The engine is also listed as original, but as we all know,  this fella would have come stock with a CoBra engine that probably started to leak before they'd used 50 tanks of gas.  I'm no Barry Seel, but the block currently in the car looks to me like a late model- not one of the '49 blocks that was offered up by dealers as a swap to cure the CoBra's ills.  The Crosley script on the block looks 'late' to me and I don't think that particular oil filter assembly was available on the early motors - but I could be wrong. One way or the other, the seller claims that the car runs/drives nicely.

I'm fascinated by the interior.  The door panels are in amazing shape, as are the matching seats.  I'm so used to seeing the red interiors that the tan is really intriguing.  Looks great with the door inserts.  The floor mats are also a wonder- I don't recall ever seeing originals in this kinda condition- just amazing.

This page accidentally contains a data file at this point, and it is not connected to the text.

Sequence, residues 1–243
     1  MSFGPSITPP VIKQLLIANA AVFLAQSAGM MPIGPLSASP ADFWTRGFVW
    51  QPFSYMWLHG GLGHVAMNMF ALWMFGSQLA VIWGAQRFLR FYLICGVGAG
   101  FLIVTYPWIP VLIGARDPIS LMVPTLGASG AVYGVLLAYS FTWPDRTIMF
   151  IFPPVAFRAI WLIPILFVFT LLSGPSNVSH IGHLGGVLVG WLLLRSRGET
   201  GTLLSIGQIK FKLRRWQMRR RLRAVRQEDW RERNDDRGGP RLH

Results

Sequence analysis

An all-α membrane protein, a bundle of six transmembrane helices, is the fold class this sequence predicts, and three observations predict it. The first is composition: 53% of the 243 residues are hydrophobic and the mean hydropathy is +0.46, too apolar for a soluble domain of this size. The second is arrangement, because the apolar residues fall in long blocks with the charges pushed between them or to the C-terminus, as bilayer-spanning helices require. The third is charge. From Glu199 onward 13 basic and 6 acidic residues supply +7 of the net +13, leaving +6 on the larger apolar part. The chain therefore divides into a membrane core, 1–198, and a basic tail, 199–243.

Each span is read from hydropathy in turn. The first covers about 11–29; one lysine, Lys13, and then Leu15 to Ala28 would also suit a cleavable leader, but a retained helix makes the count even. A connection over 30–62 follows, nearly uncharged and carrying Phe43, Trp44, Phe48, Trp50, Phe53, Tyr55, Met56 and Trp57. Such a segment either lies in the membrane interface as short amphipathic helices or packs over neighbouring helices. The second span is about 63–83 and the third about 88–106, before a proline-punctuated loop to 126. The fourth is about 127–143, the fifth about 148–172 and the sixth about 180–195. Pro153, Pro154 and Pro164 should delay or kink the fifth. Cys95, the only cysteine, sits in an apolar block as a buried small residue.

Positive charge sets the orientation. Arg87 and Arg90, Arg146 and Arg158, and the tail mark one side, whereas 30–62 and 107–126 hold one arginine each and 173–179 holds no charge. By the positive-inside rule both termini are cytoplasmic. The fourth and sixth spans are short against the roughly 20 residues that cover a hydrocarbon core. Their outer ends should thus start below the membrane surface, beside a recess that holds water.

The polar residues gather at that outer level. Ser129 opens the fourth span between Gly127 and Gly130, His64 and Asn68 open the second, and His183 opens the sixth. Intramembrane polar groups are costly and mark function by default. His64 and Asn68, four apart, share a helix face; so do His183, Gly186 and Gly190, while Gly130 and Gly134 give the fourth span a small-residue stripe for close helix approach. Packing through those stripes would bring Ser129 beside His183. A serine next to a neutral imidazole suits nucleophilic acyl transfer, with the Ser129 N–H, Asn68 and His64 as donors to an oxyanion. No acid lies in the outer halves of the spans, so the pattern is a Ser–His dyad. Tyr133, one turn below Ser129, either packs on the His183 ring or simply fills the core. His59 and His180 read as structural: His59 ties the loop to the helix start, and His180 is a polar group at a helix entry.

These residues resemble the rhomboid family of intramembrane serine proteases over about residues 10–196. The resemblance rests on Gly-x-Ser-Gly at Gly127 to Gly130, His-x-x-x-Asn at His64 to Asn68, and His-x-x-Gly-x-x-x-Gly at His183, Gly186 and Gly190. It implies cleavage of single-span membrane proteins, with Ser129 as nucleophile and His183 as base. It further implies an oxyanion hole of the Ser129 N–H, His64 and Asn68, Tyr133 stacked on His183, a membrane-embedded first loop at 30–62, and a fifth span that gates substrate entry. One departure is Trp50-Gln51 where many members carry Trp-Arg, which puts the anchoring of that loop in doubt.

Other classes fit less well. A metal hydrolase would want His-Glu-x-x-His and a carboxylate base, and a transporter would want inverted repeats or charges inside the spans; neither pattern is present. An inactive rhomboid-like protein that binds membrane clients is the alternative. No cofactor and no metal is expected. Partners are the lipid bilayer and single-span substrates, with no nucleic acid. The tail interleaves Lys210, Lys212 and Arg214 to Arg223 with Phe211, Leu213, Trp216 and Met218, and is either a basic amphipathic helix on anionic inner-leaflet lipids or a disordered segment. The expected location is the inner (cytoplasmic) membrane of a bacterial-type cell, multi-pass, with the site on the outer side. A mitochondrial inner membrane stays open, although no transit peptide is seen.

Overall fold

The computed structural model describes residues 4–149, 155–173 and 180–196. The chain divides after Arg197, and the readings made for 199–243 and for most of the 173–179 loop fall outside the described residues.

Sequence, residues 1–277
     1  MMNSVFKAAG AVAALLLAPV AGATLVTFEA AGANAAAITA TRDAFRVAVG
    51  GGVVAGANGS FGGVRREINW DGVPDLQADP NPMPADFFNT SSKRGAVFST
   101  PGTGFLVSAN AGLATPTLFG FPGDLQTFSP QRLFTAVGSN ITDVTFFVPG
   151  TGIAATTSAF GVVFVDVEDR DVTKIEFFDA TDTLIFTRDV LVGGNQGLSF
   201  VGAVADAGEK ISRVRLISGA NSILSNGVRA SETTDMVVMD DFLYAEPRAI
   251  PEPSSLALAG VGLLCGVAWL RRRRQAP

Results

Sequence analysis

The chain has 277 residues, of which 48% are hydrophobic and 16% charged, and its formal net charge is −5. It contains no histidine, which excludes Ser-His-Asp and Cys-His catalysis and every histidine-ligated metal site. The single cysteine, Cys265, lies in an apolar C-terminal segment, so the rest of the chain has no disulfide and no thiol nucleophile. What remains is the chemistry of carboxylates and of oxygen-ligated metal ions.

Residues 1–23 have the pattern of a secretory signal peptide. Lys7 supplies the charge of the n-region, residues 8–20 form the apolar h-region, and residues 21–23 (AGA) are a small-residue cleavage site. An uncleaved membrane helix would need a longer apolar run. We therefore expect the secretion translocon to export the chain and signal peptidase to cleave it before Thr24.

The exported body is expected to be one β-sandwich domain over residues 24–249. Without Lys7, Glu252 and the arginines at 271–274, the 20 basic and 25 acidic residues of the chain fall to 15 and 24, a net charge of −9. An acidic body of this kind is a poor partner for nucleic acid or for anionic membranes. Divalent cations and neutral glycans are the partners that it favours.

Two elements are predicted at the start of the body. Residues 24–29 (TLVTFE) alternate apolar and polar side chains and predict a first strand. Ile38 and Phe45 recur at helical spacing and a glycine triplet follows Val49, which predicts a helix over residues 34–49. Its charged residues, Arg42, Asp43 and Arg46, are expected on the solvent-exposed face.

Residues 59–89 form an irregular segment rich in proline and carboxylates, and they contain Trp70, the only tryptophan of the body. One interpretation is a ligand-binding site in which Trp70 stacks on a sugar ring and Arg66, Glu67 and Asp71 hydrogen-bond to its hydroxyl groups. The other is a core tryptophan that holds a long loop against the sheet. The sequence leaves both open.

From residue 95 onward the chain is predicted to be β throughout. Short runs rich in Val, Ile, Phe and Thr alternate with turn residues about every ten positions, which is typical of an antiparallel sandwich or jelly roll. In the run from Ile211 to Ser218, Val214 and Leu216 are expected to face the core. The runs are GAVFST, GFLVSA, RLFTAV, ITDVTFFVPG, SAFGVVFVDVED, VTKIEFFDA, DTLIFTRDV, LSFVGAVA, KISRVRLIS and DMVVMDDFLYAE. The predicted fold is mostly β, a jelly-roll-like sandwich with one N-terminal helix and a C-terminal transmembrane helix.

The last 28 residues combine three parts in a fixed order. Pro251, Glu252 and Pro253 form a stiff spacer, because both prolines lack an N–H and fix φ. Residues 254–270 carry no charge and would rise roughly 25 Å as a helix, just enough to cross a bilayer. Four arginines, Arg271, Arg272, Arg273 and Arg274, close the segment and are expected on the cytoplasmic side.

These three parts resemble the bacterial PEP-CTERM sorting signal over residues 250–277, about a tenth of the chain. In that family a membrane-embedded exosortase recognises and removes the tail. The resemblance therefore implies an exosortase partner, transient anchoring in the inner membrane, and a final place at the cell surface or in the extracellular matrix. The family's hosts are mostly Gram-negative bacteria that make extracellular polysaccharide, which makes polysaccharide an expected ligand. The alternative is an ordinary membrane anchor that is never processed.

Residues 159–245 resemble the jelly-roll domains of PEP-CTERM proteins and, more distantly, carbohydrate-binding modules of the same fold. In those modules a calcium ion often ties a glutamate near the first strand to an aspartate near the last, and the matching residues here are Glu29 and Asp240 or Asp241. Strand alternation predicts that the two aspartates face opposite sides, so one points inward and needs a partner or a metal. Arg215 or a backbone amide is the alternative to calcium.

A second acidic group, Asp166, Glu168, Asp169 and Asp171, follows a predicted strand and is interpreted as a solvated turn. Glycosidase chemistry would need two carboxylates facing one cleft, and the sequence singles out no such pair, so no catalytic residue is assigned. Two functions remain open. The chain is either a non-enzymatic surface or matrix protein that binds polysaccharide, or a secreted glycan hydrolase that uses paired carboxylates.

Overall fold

The body is pretty straight, and the bed is REALLY straight- and note that classic cheapo Crosley touch: the fuel filler goes right into the cargo area because it probably would have cost an extra $1.50 to reroute it!

Meant to get up a link to this auction  while it was live last week, but time got away from me and next thing I knew it was over- but no worries.... Reserve wasn't met at $5200, and the $12,900 Buy-it-Now is, uh, 'optimistic.' As of today, the truck is still available at San Diego Classic and Musclecars in Escondido, CA.  Call (760) 781-1473 and ask for Joseph M Petralia.

Wednesday, March 9, 2011

Can You Take Me to Funkytown (in this Crosley)?

Speaking of crazy Crosleys, here's one of the kookiest I've seen in a while - a Hotshot that puts the 'modified' in HMod.
This bizarro bolide looks like one of the Hungarian specials featured in the Economist a few months back, but no, it's just a '49 HS with all sorts of something going on.  The seller claims that it was built by the inventor of the barcode, which only makes it better.